Have you ever wondered where all the delicious, fresh organic produce in your Farmstead meal comes from? You’ll find the hub of our farming operation just off Highway 29 at our Rutherford Estate, where our farmers grow most of the vegetables and fruits we use at Farmstead and the Farmers’ Market. Each year, the growing season begins in the greenhouse where we cultivate seedlings for over 100 different varieties of heirloom fruits and vegetables. Come on a tour of our two greenhouses with Jess and Noel, Culinary Farm Manager and Production Coordinator, to see what’s growing.

Heading into spring, the greenhouses at our Rutherford Estate are at capacity, and our seedlings and farmers are eagerly awaiting the arrival of warmer, drier weather.

GREENHOUSE 1: THE STARTER NURSERY

Everything grown in the greenhouse is started from seed sourced from certified organic seed banks. The majority of our produce begins its growth cycle here.

Greenhouse 1 is kept at a balmy 75 degrees. Seeds are planted directly in a small tray of unfertilized soil then nurtured until they sprout. Once they have two true leaves, we move them to our second greenhouse.

GREENHOUSE 2: THE COOL HOUSE

Greenhouse 2 is kept at a slightly lower temperature. As we transfer the seedlings into this greenhouse, we start to fertilize them, about once a week. We use fish emulsion and a probiotic mix to promote equal root and leaf growth.

The seedlings are coddled in the greenhouses with the warm temperatures and lack of exposure to the natural elements (temperature fluctuation, full sun exposure, wind) so they need to be prepared for their eventual transplant to the fields. To prepare them, they are placed outside daily for an increasing amount of time, until they are stable enough to be transplanted. This process is called “hardening off” and is done to prevent transplant shock.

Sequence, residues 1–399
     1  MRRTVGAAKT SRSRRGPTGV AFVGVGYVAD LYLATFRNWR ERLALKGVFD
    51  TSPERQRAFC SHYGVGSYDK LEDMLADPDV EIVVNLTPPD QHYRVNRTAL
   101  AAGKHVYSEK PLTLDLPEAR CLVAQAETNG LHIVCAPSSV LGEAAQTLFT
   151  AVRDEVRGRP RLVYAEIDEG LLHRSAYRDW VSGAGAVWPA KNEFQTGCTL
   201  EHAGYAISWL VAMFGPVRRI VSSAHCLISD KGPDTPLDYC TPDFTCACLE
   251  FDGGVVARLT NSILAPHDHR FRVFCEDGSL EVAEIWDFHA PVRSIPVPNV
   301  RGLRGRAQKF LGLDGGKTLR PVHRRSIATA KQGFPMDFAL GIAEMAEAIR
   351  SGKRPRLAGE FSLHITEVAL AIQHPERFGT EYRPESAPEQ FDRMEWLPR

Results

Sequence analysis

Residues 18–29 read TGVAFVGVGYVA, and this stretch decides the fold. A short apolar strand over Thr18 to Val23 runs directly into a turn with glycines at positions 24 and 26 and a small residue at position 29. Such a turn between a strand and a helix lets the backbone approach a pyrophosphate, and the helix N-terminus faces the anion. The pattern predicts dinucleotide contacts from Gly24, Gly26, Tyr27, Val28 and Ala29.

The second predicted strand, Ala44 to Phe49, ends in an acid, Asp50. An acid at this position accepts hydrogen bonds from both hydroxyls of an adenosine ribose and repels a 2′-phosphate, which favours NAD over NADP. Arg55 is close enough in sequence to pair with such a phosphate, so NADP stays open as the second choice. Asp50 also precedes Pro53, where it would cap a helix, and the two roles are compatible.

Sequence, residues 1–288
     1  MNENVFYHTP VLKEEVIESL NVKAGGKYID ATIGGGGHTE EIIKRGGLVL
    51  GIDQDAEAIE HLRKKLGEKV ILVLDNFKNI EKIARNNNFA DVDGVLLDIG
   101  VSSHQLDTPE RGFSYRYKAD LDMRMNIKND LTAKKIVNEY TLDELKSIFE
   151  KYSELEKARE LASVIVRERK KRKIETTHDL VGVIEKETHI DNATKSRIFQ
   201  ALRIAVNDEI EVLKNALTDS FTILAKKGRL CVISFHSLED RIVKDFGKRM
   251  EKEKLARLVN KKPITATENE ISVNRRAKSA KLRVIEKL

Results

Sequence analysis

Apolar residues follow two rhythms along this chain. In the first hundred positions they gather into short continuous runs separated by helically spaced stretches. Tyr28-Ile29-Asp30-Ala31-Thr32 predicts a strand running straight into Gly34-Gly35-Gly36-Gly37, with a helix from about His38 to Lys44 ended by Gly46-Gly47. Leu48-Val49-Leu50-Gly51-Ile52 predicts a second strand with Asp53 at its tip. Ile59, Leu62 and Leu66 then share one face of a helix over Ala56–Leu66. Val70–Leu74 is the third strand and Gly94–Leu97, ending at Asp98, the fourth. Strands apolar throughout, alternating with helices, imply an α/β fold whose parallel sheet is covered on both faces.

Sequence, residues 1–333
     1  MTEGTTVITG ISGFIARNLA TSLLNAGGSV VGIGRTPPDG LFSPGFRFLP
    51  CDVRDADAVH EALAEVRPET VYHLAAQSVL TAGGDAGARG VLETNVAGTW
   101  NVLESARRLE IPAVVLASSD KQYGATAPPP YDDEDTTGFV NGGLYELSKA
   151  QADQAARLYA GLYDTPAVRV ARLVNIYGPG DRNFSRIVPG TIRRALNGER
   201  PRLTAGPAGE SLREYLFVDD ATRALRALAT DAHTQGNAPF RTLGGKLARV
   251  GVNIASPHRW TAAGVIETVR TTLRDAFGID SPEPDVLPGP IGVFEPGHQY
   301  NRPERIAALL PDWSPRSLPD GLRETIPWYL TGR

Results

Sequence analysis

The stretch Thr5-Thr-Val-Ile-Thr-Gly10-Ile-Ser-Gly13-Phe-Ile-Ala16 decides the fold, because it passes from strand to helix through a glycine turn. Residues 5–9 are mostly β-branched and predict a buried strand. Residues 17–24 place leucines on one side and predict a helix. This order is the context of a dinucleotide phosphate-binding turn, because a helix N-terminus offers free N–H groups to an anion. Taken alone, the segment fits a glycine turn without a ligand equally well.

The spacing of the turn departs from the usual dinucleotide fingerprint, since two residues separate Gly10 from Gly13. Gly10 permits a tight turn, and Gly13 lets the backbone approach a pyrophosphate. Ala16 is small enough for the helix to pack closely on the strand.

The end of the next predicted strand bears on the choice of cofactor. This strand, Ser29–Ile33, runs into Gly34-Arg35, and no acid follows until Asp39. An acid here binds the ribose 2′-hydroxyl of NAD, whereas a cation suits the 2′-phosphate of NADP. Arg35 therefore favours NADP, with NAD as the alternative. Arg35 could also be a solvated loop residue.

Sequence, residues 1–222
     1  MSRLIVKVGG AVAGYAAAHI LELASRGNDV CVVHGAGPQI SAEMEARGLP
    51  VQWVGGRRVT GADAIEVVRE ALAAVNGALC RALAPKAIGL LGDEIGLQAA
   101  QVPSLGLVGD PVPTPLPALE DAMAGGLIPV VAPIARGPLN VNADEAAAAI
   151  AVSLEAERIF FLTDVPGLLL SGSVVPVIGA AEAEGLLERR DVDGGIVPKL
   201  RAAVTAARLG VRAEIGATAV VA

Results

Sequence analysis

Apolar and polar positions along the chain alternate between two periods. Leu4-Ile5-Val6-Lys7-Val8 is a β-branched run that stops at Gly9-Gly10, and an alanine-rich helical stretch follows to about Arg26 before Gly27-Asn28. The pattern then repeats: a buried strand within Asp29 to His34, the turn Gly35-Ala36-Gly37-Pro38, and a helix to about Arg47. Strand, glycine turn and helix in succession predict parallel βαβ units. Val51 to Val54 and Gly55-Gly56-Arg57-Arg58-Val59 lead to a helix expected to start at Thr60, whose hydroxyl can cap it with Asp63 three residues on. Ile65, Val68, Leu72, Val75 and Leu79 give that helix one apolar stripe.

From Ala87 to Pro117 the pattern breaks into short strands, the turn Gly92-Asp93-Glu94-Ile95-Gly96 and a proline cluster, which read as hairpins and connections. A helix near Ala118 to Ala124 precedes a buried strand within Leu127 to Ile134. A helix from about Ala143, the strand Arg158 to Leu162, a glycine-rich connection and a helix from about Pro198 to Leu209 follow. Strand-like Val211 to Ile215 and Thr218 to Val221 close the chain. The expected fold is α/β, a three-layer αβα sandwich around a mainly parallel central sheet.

WHAT’S GROWING ON

We are seeding some popular summer crops including tomatoes, peppers, and eggplant, as well as multiple varieties of microgreens, which are grown year-round in the greenhouses.

Next month melons and cucumbers will be seeded. These crops grow much faster than the other summer crops, so they are started slightly later. Melons and cucumbers will go from seed to planting in only a month, whereas tomatoes and peppers need at least six weeks before planting.

TOMATOES

Tomato season is the best time of the year at Farmstead. Our dishes are full of color with a variety of heirloom tomatoes to choose from – copia, cherokee purple, lucid gem, and green zebra. Fried green tomatoes are typically on the menu starting in July, followed by the ripe tomatoes in August.

This year we aim to get ripe tomatoes on the table a little sooner than in the past, possibly as early as June. Jess is growing some of the crop in large containers along the inside edges of the greenhouse, giving them a jumpstart on growth while it is still too cold outside. These plants will come to full maturity inside the greenhouse and be ready for harvest in June. The rest of the tomatoes will be transplanted to the field when warmer Napa Valley nights are here to stay and will be ready to eat later in the summer.

MICROGREENS

Greenhouse 2 is currently full of microgreens. All of the microgreens for the restaurant and Chef’s Table are grown in the greenhouses. Once they are ready for harvest, our farm team delivers them in their trays to the restaurant. The culinary crew then cut and plate them as needed. Anything that isn’t used travels back to the farm for composting.

When it comes to choosing what greens to grow, our farmers focus on color. The chefs like a variety of colors for the plate, so we grow beets, chard, radishes, amaranth for their hues of red and yellow. We also grow arugula, tatsoi, celery, and basil. An assortment of microgreens creates a beautiful texture on the plate.

For Chef’s Table, Estate Chef Aaron prefers a different variety of greens and for them to be bigger than what is used in the restaurant, so our farmers mixed and planted a specific blend of seeds just for Chef’s Table. This year they are also growing radishes and turnips, which are kept small. Chef Aaron simply rinses them off and plates them.